When Ben would come in for the morning shift at around 10 or 11 am, I would demonstrate the new haul of erotica and we would play the most incredible-looking one on the store’s screens, fast-forwarding to the parts most likely to show boobs and biff hair. We’d watch it while we tidied and sorted the DVDs and merchandise and other miscellany. After this I would mostly be in the backroom doing the money stuff and he would be shop-side: he had the remote control in hand to stop the DVD when a customer came in, unless it was a homeless person in which case he just let it roll.
On many occasions we were nearly caught out by mothers who would come in early with their kids looking for cartoons on tape. Some were suspicious so I would tell them that when a tape or DVD was returned faulty it was our duty to check them on our equipment, but because some of the movies were unsuitable for children, we were obliged to stop them when children came into the store. This believable tale was all my own work, and Ben thought I was a genius.
On one occasion however, he hit pause instead of stop, and the three or four screens positioned strategically throughout the store framed a gigantic close-up of a vagina. I distinctly remember the lady who was in there at the time with three noisy children: she had jodhpurs and riding boots on, and she smelled vaguely of manure. I caught her eye as I popped my head out from the backroom, and I saw a fire in it — the kind of fire you see ignite in the eye of somebody sequacious who stumbles upon a situation in which they can be the centre of attention: the fire that shows a realization of control, of added power (especially bureaucratic/legal).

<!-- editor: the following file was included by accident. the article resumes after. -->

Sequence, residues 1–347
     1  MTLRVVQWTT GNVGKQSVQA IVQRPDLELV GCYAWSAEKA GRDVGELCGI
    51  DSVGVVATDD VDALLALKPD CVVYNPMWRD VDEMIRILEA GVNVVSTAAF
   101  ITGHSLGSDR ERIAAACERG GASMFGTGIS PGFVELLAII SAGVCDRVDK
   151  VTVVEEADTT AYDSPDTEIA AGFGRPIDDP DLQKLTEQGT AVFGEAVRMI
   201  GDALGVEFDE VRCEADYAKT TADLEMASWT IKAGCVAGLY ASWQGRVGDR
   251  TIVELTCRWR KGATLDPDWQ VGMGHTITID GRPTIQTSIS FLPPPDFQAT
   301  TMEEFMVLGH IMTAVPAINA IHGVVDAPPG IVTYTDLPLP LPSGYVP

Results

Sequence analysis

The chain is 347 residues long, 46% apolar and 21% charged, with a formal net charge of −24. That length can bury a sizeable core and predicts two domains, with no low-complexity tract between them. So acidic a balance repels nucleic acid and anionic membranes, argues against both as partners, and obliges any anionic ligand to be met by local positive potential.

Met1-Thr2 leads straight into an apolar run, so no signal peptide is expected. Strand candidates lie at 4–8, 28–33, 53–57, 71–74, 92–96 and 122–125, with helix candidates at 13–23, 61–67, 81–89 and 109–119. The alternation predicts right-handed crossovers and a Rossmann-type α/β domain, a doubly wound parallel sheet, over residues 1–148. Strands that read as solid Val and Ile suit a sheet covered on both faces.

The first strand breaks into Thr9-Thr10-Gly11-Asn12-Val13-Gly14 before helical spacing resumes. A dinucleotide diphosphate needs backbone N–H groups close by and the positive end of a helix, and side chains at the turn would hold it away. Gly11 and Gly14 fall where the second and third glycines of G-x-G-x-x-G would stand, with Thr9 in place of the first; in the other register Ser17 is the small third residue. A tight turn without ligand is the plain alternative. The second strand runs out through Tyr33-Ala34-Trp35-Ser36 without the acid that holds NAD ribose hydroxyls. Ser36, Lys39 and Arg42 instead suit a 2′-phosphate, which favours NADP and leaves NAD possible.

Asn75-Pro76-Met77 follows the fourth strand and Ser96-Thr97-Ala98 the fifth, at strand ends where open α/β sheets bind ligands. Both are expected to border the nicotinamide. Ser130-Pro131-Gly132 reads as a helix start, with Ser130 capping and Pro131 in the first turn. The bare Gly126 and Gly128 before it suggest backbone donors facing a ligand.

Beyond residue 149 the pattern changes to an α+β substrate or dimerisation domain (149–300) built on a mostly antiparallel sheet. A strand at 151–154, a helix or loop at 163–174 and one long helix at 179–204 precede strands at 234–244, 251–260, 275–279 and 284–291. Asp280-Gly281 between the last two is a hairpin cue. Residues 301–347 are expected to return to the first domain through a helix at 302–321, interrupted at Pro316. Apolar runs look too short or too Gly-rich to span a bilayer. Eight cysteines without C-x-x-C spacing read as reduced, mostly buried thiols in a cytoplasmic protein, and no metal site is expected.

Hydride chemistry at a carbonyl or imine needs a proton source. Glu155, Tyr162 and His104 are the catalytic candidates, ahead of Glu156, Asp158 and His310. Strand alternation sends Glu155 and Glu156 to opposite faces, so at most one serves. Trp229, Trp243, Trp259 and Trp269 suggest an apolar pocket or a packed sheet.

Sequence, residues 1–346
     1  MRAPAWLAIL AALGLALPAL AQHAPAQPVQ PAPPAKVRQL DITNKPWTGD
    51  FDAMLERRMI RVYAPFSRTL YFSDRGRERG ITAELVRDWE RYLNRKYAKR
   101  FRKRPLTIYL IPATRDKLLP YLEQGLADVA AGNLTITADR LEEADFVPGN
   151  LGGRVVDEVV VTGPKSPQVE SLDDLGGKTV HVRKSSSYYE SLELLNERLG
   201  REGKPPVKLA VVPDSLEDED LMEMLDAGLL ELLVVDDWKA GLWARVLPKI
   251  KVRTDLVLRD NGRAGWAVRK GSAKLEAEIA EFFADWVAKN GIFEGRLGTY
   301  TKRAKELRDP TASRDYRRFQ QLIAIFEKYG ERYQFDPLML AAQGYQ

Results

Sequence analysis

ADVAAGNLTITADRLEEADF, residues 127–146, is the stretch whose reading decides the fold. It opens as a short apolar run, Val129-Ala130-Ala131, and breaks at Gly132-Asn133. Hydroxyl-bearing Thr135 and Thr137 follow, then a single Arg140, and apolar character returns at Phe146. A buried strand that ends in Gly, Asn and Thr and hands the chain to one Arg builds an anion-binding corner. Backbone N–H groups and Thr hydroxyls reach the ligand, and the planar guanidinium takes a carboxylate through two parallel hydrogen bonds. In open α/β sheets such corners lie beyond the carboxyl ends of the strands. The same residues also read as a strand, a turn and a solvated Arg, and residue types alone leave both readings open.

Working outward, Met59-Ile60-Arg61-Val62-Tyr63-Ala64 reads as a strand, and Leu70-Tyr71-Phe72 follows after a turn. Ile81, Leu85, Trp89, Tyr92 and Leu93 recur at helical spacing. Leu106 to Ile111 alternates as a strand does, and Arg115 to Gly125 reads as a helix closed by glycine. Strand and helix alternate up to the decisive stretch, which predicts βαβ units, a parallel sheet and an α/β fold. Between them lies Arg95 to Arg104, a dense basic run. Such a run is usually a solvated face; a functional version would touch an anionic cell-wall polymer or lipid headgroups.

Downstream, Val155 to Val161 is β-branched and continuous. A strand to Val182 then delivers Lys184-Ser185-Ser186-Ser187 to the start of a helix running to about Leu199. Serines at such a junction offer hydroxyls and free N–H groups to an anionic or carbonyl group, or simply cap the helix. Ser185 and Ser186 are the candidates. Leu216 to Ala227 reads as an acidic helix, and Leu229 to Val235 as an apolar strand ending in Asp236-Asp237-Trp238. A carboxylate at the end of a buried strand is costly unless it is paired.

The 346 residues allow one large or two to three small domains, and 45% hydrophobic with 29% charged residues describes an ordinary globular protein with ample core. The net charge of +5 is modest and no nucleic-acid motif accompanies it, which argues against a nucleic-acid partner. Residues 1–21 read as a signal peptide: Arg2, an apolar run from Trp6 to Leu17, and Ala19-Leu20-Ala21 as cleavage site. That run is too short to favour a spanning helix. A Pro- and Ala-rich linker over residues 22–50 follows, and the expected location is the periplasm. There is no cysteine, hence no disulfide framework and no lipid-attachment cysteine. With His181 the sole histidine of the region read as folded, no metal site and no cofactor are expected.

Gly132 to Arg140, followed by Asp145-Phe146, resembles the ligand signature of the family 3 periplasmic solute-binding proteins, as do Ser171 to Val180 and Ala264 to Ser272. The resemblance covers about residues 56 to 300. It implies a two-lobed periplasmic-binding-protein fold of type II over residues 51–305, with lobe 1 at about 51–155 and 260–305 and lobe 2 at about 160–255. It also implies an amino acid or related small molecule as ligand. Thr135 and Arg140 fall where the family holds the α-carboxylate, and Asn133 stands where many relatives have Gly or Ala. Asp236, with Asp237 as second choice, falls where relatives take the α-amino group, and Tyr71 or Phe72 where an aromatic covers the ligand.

There are few situations as humbling and sleazy as getting berated in front of the whole staff by a manager the same age as you but much stupider, for watching really bad soft-porn while there were children in the store. At least I had Ben next to me to share my dry-mouthed, red-faced shame. We didn’t get fired, which was a bonus, but I was functionally demoted to number four in the hierarchy. A bearded man named Chris was now tasked with opening-up, and I was switched to evening shifts so I could be supervised at all times.
I never masturbated in the stock room again. I could barely look at the soft-core video boxes without feeling nauseated. When a man I knew who owned the toy store down the street returned a DVD of a pornographic Buffy the Vampire Slayer and apologetically said to me, “I thought it was the actual Buffy the Vampire Slayer” I didn’t sarcastically ask him why he would want to watch Buffy in his mid-40s, but instead took the DVD in hand, placed it behind me, and wistfully said, ”I understand. There’s no biff hair in that one is there?”
It was still a great job though. I got to rent up to seven movies or games a week, free-of- charge! Which in this age of streaming (stealing?) anything you want at any time and mostly anywhere gives my story a farcical bent to the modern Millennial.
But let me assure you, teens and young-twenties: back then, that many free rentals made me a king among men, and my witty disdain of your choice of movie was the talk of the local franchise.